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A rounded approach to sustainability

The circular economy as a phrase has become ubiquitous across the construction and manufacturing industry. Although somewhat overused, the concept has radically transformed our industries’ methods and practices over the past decade.

With environmental concerns now a key driver along with capital costs, flexibility will be crucial whether we are building from scratch or renovating existing sites. It’s clear we should be concentrating on building for future retrofit, not future demolition[1].

The circular economic model offers a clear and definitive pathway, particularly for manufacturers of building products, to achieve this goal. At the Concrete Block Association (CBA), sustainability is at the heart of our members’ business strategy as they look to ‘reduce, reuse, recycle and recover’ energy from procurto end-of-life and beyond.

We know that intrinsically, concrete structures are highly durable, a fundamental requirement for whole-life performance. Yet concrete also possesses unique attributes which minimise CO2 emissions. When specified correctly, concrete blocks can significantly minimise embodied CO2. The material’s thermal mass qualities are therefore advantageous, as they can also greatly reduce the operational emissions from heating and cooling a building, without compromising on comfort.

This is just one way in which our members are indirectly making a contribution to the move towards a greener, more eco-friendly built environment. However, there are more proactive, direct ways in which they are looking to promote. Here, I want to take the opportunity to outline some of the activity which is being undertaken to foster best practice within the building products manufacturing industry, and the benefits for the built environment.

Material values

One of our greatest success stories over the past decade has been to significantly reduce CO2 emissions associated with the production of concrete blocks. A remarkable reduction of 13% carbon intensity since 2008 has been made possible through improvements to the manufacturing process. Furthermore, the impact of emissions through transportation, associated with a number of building products, are reduced as the majority of blocks produced in the UK are made in local product plants ensuring local deliveries, thus reducing the carbon footprint.

Of course, cement accounts for the majority of a block’s environmental impact. However, while it remains an important part of the composition, manufacturers are blending other lower impact cementitious materials with it, consequently reducing the overall embodied CO2. These more environmentally friendly substances are industry by-products; ground granulated blast furnace slag (GGBS) and fly ash from the power industry being the two most commonly used.

Mass appeal

While adapting our approaches to a changing climate, we should also build with materials which make for comfortable homes. Using building products which provide inertia against temperature fluctuations will improve energy efficiency and help homeowners by potentially reducing energy bills.

A concrete block’s thermal mass is one of the most important ways in which the whole life CO2 performance of buildings can be enhanced. They absorb and store excess heat during the day, which can be removed passively overnight through ventilation.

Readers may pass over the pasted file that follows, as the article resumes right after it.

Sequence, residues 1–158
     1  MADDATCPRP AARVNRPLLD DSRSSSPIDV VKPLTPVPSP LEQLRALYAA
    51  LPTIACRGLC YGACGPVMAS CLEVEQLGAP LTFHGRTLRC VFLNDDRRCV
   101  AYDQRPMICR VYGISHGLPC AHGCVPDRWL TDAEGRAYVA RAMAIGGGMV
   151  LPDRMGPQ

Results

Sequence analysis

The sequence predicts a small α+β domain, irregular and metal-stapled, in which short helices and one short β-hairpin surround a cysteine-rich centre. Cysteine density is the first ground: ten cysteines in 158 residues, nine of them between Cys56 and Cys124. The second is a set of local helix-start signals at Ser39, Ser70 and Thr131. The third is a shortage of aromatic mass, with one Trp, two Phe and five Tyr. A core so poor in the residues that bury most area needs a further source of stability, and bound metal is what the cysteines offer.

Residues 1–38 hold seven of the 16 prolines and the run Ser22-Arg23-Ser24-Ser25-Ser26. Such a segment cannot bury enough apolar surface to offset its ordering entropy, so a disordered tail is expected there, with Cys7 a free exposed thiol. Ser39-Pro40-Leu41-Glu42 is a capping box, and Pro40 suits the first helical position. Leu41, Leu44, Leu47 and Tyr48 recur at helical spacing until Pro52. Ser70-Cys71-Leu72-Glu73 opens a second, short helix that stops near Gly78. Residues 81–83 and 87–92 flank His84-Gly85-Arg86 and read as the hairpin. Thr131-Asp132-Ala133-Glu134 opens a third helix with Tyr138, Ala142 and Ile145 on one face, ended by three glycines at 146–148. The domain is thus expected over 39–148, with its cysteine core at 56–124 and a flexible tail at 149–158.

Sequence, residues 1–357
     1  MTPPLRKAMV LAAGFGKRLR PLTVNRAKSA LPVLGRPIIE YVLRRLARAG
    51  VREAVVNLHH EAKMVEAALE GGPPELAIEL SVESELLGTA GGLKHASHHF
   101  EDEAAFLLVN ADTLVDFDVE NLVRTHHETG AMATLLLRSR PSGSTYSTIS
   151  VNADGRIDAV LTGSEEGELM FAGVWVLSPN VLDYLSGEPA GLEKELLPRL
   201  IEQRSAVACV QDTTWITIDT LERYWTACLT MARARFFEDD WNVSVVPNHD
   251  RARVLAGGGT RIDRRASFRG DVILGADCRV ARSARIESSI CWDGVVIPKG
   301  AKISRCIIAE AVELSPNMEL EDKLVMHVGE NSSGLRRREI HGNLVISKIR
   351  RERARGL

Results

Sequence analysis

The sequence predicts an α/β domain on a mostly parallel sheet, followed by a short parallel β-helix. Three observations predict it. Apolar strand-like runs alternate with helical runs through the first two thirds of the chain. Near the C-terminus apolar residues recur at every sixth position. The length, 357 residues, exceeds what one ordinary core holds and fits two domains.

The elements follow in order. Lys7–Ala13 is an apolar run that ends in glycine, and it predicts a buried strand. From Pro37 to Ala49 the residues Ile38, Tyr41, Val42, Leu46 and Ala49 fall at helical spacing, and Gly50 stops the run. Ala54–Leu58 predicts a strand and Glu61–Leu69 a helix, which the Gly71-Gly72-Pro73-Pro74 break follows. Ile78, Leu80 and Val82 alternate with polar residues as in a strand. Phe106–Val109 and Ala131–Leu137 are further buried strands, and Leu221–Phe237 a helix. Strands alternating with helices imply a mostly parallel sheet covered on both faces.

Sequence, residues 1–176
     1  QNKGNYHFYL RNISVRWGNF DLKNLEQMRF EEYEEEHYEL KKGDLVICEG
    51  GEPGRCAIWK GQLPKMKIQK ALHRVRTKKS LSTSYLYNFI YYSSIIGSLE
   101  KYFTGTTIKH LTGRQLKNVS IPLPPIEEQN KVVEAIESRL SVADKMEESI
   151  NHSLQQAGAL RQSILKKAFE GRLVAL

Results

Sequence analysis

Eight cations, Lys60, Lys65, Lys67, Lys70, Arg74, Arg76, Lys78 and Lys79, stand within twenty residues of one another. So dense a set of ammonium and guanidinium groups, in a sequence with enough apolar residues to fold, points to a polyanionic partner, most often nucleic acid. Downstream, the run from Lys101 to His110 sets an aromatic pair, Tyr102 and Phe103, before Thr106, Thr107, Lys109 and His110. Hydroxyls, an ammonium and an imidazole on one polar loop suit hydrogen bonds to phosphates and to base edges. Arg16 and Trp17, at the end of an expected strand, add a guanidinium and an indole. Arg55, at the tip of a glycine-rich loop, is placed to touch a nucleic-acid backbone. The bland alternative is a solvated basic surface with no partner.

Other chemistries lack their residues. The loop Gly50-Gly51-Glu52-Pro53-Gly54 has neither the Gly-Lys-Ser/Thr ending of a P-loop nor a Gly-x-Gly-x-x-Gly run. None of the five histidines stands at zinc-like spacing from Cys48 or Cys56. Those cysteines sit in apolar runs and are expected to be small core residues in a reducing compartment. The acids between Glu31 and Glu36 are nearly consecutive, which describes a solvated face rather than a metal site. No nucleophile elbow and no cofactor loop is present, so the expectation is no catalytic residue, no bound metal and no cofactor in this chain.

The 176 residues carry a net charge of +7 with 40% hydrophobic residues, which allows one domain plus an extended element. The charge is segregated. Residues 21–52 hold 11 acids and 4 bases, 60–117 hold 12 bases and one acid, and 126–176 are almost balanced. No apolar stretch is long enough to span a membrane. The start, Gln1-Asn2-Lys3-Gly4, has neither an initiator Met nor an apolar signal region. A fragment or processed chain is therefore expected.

It’s essentially an alternative method of temperature control, allowing a structure to naturally retain heat and release it gradually, minimising the need to resort to air conditioning or central heating.

The second coming

It’s important to look beyond the initial end-of-life. A crucial aspect of the circular economy is to find ways to reuse and recycle products, reimagining them beyond their lifespan. For concrete blocks this could be in groundworks, piling mats and landscaping. Equally they can be crushed and used as recycled aggregate. Clarifying our commitment to secondary life, our members have publically pledged that all blocks they manufacture are 100% recyclable.

Deconstruction and waste processing at the end of a building’s life results in more CO2. Therefore we all have a responsibility to improve how building products are manufactured and specified for construction.

As part of our ongoing work, the CBA is actively encouraging producers to introduce measures to reduce energy consumption, eliminate waste and implement environmental and sustainable management systems beyond what is required by government.

Lean and flexible design

Beyond manufacturing, the architectural and wider construction industry need to also be on board for the Circular Economy concept to work. We need to hammer home the message of material efficiency and lean design; using less of our resources and to better effect.

Rapidly improving technology and innovation are enabling us to work smarter and more efficiently. For example we are now able to ascertain the optimal thickness of structures needed for best energy efficiency.

Essentially, flexibility must be built in so the building can assume new uses, incorporating new technologies and changing climactic conditions. There’s a long way to go until the construction and manufacturing industries are truly ‘circular’, but we are taking great steps towards it. Even in these economically uncertain times we need to maintain momentum, and we’ll thank ourselves for this effort further down the line.

Article submitted by Chris Stanley, Housing Manager, Concrete Block Association

[1] Simon Sturgis article

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